Rocky Mountain Higher
Colorado bringing in additional revenue by hiking tobacco tax
DENVER -- Cigarette sales in Colorado fell 22% this year after the state increased the tobacco tax by 64 cents a pack, reported the Rocky Mountain News. From January through November 2005, nearly 4.2 billion cigarettes were sold in Colorado, down from more than 5.3 billion during the same period in 2004.
But even with the drop in sales, the new tax is bringing in nearly $133 million in additional revenue this year, according to the report, citing the state Department of Revenue.
The state cigarette tax, which now totals 84 cents [image-nocss] a pack, helps fund Medicaid for disabled children, along with other health programs, including clinics serving uninsured patients, tobacco education and research grants for treating breast and cervical cancer, said the report.
Anti-tobacco advocates say the increased tax can motivate smokers to quit. The number of cigarette smokers has been decreasing nationally in the past couple of years. About 21% of Americans smoked in 2004, compared with 23% in 2002, according to the report, citing the Centers for Disease Control & Prevention. Colorado, however, appears to be bucking that trend; 20% of the population smoked in 2004, a 1.4% increase from the previous year, said the report, citing the Colorado Department of Public Health & Environment.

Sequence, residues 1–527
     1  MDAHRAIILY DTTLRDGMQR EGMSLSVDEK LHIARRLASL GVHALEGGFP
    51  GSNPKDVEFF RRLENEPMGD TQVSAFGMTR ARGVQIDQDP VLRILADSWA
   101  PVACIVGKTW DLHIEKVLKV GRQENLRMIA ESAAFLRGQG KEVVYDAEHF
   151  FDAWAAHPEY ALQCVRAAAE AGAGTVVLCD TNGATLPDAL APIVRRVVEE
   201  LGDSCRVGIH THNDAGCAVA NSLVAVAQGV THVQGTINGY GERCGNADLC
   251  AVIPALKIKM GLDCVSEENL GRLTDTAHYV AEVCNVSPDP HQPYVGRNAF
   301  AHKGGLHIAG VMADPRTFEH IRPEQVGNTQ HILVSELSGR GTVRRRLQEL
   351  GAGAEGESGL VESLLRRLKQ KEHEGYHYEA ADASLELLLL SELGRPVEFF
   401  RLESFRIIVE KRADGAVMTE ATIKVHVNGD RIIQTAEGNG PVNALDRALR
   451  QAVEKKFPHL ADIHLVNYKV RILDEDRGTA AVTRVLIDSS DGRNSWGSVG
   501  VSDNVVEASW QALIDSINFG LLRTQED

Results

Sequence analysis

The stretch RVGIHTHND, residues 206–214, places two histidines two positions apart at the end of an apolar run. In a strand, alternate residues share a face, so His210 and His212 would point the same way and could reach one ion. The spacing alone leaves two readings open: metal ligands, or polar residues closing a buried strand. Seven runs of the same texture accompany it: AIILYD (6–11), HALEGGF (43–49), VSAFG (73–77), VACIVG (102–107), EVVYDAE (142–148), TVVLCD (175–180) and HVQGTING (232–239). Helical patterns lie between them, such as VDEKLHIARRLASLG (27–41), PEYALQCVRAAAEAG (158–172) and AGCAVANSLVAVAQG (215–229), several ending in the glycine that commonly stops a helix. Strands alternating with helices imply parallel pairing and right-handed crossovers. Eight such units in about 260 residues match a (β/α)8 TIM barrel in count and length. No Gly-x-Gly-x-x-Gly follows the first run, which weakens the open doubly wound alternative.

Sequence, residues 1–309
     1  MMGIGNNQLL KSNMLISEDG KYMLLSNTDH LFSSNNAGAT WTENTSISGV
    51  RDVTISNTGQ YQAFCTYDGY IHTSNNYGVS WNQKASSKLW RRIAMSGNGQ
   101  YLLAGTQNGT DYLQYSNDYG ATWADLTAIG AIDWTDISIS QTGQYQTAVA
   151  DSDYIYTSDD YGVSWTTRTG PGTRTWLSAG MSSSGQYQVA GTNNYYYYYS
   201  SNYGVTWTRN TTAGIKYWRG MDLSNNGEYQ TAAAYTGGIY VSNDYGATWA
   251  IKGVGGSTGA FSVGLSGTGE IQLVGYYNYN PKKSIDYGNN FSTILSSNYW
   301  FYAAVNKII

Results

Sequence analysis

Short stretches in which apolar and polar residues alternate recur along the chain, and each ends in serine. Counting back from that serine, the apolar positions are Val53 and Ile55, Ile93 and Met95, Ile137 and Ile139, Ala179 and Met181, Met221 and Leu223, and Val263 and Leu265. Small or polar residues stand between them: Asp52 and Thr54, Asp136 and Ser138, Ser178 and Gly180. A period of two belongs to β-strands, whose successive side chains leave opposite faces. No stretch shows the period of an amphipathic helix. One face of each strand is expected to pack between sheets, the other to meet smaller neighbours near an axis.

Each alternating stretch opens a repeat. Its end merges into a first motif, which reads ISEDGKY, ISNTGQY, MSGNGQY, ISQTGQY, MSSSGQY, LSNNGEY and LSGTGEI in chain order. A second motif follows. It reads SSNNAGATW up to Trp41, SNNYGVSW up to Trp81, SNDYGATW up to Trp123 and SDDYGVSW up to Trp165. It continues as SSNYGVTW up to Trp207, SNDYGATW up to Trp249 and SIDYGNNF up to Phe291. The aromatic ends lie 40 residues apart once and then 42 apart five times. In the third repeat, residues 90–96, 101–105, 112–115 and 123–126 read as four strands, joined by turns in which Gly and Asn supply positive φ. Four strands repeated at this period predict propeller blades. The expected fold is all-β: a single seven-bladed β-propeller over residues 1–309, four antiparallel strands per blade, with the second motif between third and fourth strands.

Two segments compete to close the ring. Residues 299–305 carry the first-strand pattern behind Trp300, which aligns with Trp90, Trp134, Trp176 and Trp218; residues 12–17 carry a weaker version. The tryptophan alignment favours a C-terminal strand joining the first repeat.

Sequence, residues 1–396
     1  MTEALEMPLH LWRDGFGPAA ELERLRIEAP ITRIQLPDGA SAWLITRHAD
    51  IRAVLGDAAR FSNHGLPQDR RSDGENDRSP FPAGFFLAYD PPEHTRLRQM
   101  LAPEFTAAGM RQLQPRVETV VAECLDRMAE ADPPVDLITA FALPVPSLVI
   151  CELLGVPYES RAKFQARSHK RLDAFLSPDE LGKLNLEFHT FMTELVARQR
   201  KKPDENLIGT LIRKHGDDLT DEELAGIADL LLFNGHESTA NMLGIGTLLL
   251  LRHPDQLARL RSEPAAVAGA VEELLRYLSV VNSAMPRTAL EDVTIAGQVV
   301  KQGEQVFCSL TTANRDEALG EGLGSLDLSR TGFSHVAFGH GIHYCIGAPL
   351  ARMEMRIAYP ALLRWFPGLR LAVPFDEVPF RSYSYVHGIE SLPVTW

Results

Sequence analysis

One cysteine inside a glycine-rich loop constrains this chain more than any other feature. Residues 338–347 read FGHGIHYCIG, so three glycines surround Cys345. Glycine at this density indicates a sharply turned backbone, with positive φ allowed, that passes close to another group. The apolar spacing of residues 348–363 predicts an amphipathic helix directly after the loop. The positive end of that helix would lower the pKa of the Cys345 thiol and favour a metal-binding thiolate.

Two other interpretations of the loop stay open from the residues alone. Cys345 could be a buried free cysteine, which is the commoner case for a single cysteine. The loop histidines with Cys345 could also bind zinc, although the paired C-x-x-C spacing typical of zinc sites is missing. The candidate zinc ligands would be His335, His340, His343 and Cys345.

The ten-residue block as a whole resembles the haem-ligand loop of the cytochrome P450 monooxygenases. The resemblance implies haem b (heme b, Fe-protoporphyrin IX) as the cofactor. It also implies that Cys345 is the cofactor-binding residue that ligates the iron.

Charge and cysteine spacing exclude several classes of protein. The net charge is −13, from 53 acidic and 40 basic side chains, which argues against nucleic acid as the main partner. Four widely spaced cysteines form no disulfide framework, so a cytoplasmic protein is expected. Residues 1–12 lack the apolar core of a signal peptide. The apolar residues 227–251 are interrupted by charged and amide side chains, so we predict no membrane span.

Despite declining over-the-counter salesdue mainly to Internet salesColorado still expects to bring in more than $160 million per year from the cigarette tax in the next five years. Despite Internet sales, every single state that has increased cigarette taxes has brought in more income, Eric Lindblom, director for policy research for the Campaign for Tobacco-Free Kids, told the newspaper. The taxes always bring in big chunks of money.